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The Resource Curse

In Venezuela, desperate conditions turn worse

Scott Tong Jul 19, 2016
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Venezuelans cross the Simon Bolivar bridge linking San Antonio del Tachira, in Venezuela with Cucuta in Colombia, to buy basic supplies on July 17, 2016. Thousands of Venezuelans again poured into the Colombian city of Cucuta on Sunday, profiting from the brief reopening of a long-closed border to buy food and medicine. 
GEORGE CASTELLANO/AFP/Getty Images

There is more desperation in what’s widely considered the most miserable economy in the world: Venezuela. Food is so scarce that this past weekend, more than 100,000 people surged across a newly opened border to buy rice, flour and milk in Colombia.

Other Venezuelans hunt for food in the black market, paying 20 to 100 times state-controlled prices – that is, if basic staples are available. Still others have been seen sweeping up grain spilled on roads to eat that.

In the western city of Maracaibo, desperate people now crowd at supermarket dumpsters.

“And they take whatever they can, like bones or spoiled vegetables,” said Venezuelan journalist and translator Yesman Utrera, now reporting in Maracaibo. “And they just clean it up and take it home so they can eat something.”

Utrera said he himself has gone without sugar for four months.

This is a humanitarian crisis that many saw coming. Venezuela’s socialist government adopted policies that made the country wholly dependent on imports. Price controls set prices so low that domestic production evaporated. Importers received subsidized, cheap dollars.

But when oil prices crashed, Venezuela ran out of petro-dollars to purchase imports.

“Pigs have to be slaughtered because there’s not enough food for them,” said longtime Venezuela observer Ricardo Hausmann at the Harvard Kennedy School of Government. “Beer cannot be produced because there’s no barley in the country. Trucks and buses have to stop because there are no spare parts in the country.”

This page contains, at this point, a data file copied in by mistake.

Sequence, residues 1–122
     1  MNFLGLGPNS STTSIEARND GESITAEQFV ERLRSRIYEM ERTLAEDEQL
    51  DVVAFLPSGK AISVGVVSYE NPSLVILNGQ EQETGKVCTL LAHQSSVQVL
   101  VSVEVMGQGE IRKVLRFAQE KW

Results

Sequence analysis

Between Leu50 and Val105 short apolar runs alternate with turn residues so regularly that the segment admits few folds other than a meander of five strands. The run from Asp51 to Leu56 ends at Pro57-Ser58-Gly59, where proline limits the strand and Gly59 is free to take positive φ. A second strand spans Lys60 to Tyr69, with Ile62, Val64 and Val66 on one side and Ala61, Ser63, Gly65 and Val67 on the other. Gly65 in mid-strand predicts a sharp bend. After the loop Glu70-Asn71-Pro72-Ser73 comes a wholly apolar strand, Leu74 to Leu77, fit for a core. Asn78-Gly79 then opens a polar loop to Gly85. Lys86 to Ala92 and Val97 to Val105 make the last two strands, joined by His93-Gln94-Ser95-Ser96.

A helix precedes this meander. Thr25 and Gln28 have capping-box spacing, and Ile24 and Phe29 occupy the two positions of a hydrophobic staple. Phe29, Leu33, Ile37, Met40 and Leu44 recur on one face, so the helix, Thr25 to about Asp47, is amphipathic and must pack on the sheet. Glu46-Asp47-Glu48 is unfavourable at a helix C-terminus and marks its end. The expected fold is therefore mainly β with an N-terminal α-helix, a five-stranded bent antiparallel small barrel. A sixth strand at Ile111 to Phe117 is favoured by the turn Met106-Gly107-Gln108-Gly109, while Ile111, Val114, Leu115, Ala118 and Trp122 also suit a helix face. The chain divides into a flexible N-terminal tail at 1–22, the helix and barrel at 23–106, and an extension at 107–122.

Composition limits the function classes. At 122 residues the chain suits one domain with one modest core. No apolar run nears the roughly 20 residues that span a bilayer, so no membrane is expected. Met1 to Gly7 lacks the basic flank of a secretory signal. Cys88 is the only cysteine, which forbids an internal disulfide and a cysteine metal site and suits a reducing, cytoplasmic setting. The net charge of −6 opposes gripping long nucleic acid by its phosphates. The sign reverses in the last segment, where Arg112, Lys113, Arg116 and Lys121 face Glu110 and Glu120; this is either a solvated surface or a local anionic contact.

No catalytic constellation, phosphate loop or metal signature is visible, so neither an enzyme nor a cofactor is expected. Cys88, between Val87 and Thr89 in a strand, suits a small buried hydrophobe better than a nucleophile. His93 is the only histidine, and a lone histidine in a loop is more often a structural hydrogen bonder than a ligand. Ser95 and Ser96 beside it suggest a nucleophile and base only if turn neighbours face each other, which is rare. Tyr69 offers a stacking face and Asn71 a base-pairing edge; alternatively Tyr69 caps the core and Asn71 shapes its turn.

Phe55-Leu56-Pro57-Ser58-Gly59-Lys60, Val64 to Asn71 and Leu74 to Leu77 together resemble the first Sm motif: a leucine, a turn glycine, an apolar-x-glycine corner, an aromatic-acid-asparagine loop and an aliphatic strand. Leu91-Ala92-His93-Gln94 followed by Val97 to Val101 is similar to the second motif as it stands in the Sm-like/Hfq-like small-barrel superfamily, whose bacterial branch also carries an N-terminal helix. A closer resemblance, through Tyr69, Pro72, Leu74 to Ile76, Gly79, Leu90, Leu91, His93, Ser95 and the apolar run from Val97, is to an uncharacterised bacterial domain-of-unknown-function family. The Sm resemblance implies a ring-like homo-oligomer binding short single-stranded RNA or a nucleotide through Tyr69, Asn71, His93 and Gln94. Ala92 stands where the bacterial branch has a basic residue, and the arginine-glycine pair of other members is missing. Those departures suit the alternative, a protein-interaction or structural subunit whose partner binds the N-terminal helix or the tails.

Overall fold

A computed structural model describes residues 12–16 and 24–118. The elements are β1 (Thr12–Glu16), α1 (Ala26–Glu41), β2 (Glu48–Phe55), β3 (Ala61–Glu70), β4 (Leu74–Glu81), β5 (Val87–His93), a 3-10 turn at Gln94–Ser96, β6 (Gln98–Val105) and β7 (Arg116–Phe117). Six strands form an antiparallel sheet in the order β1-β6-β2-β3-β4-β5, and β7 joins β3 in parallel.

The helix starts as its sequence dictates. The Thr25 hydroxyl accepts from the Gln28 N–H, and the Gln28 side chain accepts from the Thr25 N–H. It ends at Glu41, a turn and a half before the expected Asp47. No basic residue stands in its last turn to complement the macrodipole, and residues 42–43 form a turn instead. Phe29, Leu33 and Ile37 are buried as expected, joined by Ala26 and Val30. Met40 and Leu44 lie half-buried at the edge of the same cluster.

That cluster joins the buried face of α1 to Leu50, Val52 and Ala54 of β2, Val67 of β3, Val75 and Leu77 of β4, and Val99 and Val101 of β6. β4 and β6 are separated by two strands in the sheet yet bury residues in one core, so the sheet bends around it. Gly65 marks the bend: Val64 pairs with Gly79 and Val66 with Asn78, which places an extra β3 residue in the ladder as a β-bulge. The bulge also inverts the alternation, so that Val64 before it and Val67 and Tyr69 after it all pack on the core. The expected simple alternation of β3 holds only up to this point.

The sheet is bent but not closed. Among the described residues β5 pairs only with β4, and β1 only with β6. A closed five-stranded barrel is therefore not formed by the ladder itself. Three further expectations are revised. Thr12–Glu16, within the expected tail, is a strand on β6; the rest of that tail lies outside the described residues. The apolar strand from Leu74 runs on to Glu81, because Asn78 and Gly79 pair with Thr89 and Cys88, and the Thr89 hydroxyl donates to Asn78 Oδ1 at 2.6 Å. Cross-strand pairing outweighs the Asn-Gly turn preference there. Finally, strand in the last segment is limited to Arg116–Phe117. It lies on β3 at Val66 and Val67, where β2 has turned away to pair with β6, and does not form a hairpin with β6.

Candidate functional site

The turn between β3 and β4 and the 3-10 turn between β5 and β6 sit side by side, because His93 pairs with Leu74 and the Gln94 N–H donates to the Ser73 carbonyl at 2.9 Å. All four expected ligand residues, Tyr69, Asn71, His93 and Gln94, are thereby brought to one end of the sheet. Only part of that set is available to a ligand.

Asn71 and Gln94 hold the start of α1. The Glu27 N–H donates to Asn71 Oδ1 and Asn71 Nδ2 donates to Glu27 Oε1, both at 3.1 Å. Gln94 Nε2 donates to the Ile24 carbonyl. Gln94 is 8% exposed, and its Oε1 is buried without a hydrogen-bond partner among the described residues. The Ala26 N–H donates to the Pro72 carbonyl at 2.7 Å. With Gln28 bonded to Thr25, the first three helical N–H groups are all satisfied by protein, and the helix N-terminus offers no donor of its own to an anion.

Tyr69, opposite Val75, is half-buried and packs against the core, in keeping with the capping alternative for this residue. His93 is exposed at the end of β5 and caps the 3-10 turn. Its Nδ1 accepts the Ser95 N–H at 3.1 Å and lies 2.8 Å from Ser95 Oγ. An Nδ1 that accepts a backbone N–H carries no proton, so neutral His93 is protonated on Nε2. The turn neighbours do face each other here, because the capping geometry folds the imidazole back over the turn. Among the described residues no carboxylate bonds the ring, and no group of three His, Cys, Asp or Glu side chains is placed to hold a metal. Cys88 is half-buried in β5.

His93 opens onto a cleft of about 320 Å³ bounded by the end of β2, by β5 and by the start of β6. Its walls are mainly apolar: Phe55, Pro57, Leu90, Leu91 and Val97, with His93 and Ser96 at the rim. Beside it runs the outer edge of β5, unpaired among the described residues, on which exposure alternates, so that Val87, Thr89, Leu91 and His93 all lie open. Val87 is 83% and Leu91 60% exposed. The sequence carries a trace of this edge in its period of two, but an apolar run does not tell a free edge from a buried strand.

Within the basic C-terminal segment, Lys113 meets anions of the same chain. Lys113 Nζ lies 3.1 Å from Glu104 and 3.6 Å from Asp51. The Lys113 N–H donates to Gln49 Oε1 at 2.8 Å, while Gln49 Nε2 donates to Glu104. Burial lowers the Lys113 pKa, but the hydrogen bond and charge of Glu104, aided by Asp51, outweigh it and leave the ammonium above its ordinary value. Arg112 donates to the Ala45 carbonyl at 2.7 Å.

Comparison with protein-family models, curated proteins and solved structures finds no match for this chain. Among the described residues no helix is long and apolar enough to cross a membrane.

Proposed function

By Hausmann’s measure, prices have been rising 24 percent every month since January, a rate that comes out to an annual rate of 1,200 percent. The International Monetary Fund estimates this year’s inflation rate at 480 percent, and projects next year’s to be exceed 1,600 percent. Venezuelans lose purchasing power as the effective exchange rate renders the domestic bolivar increasingly worthless in the world market, and the government prints more and more bills.

Still, there’s not enough money to go around – to pay oil industry suppliers, to pay airlines, or to buy food. Yet bond market indicators suggest Venezuela will continue to pay its debt payments to international creditors. In other words, scarce dollars are going to bondholders instead of hungry people in the slums.

Credit is Venezuela’s lifeline.

“Venezuela needs to send big ships across the ocean, ships that are worth over a hundred million dollars, depending on the price of oil,” said Caracas-based David Smilde, professor at Tulane University and senior fellow at the Washington Office on Latin America. “It’s really completely dependent on international credit markets and international commerce. And it just can’t default.”

At the same time, Smilde said the country also can’t keep going on the way it is.

“We have not hit bottom,” he said. “It can get much, much worse. The conditions continue to deteriorate, and we could see real hunger and starvation. But we’re not there yet.”

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